WARSAW (Reuters) - Poland’s ruling nationalists appear on track to win October’s parliamentary vote, three opinion polls show, despite a scandal over the private use of government aircraft by the party’s speaker of parliament who was forced to resign on Friday.
On Monday, a survey conducted between Aug. 9-10 for the Rzeczpospolita daily by IBRIS showed the Law and Justice (PiS) party winning 41.2% of votes, versus 41.7% shown in an IBRIS poll before the flights were reported by Polish media.
Two other polls published over the weekend showed similar levels of support.
The party said flight logs showed Marek Kuchcinski, a long-time senior PiS loyalist, did nothing illegal in the journeys, which included flights to the southeastern city of Rzeszow with his family using aircraft reserved for government business.
Analysts said his resignation was an effort to placate more moderate voters ahead of the Oct. 13 vote.
PiS hopes to expand its mandate for more conservative reforms, and needs to ensure moderate voters who may be concerned over its spat with the EU over democratic standards, such as over changes to the role of the judiciary, do not turn to other parties.
“PiS showed its critics that it listens to them and respects them,” Anna Materska-Sosnowska, a political scientist at Warsaw University, said.
Since winning power in 2015, PiS has kept a steady lead over centrist and liberal opposition groupings, benefiting from fast economic growth, low unemployment and public support for its nationalist rhetoric.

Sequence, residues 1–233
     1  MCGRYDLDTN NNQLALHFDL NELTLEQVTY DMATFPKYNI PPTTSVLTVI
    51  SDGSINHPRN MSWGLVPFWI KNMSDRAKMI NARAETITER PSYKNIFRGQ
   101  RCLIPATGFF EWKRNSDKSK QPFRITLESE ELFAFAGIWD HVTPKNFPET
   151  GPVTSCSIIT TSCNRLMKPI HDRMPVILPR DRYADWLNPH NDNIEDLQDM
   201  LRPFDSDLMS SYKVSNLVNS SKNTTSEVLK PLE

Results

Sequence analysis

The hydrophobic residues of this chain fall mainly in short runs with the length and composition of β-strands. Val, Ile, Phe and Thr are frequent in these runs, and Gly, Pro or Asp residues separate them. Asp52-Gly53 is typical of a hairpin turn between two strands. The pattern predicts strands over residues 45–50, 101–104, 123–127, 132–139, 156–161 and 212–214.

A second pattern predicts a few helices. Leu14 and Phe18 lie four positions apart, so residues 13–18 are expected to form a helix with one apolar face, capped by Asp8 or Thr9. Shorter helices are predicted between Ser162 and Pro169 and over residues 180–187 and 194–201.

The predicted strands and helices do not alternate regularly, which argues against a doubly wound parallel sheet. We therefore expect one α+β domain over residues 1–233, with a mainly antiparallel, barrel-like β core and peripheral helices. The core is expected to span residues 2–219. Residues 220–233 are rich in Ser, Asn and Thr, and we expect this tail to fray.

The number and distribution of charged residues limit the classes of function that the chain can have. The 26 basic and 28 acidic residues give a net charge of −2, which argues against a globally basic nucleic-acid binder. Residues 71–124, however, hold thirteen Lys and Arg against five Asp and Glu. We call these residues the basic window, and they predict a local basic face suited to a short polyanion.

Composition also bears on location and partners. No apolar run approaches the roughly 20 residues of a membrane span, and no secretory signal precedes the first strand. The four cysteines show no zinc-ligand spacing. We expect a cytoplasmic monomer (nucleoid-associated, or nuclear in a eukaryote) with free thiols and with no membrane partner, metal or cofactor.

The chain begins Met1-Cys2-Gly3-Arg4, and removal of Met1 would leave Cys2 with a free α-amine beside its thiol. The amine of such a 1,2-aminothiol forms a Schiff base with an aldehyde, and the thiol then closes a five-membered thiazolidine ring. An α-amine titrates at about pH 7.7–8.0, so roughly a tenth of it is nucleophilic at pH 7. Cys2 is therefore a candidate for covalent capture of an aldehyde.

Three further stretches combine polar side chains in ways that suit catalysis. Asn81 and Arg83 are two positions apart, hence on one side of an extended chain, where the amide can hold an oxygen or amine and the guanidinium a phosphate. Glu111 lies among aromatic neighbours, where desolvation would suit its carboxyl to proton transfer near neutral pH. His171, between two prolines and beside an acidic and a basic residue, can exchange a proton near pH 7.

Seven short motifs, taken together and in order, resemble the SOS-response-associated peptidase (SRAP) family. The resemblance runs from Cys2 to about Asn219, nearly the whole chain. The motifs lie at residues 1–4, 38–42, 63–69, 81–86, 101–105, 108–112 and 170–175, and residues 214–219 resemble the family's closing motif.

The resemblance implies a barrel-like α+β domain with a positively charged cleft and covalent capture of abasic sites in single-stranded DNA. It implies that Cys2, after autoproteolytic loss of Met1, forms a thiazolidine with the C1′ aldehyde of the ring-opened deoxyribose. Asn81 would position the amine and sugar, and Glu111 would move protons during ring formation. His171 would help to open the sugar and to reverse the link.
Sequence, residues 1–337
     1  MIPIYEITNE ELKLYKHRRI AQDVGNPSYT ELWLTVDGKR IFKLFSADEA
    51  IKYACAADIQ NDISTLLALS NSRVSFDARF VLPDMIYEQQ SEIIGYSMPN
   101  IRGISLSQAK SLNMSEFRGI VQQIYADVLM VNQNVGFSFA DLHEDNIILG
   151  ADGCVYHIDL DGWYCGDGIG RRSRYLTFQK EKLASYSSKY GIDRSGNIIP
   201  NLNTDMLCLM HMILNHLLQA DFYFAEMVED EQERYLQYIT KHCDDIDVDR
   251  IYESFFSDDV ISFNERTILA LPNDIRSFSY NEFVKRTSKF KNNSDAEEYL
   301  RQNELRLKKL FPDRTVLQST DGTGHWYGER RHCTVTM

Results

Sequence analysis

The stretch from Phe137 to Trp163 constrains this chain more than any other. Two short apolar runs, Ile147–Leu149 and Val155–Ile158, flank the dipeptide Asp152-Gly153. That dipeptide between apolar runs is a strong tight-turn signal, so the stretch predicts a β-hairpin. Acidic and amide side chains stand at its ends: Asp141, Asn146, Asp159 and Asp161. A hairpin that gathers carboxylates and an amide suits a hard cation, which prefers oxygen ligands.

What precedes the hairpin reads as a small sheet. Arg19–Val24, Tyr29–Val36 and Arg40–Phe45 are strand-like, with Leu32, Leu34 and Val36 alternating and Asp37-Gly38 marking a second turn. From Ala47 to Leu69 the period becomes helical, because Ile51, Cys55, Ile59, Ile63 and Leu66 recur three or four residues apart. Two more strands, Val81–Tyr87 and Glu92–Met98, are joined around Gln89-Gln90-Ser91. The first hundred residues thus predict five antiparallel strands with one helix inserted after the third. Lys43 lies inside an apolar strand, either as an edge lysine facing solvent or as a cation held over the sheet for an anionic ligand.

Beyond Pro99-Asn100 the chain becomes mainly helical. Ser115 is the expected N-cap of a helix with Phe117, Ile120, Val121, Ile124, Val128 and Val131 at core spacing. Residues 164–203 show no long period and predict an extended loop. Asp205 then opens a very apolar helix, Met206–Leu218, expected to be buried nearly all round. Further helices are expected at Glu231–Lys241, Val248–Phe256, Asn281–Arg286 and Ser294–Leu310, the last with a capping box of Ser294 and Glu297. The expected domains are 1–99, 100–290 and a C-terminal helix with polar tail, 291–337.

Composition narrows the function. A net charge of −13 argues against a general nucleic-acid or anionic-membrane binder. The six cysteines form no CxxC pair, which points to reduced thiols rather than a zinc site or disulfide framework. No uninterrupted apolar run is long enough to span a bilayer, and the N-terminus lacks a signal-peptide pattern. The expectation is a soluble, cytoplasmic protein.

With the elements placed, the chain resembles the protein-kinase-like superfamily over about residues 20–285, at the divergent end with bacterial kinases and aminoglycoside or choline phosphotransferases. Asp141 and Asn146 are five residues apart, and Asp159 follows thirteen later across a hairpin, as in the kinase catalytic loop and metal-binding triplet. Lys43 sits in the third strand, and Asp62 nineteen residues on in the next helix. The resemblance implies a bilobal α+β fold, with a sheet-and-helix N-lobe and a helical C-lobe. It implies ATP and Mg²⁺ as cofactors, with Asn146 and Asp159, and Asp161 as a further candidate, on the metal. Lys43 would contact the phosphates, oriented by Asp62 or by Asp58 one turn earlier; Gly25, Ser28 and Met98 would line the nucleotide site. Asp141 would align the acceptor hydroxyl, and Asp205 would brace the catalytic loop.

The opposition has struggled to gain control of public debate, with various groups shifting alliances in a bid to boost their standing in the polls.
In the run-up to the ballot, opposition groups have coalesced into three blocs.
Poland’s Civic Platform formerly led by European Council President Donald Tusk has formed the Civic Coalition with smaller liberal party Nowoczesna.
The progressive Wiosna party of Robert Biedron, Poland’s first openly gay lawmaker, has formed a coalition with two left-wing parties, including a grouping of ex-communist officials.
The centre-right, agrarian Polish Peasants’ Party (PSL) has gone into coalition with the anti-establishment Kukiz ‘15 party.
An IBRIS poll for Dziennik Gazeta Prawna daily and RMF FM showed PiS voters were much less concerned about the scandal than opposition supporters, with only 18% judging Kuchcinski’s use of the flights as “very bad”, compared with 91% of Civic Coalition voters.
Reporting by Joanna Plucinska, Alan Charlish and Marcin Goclowski; Editing by Alison Williams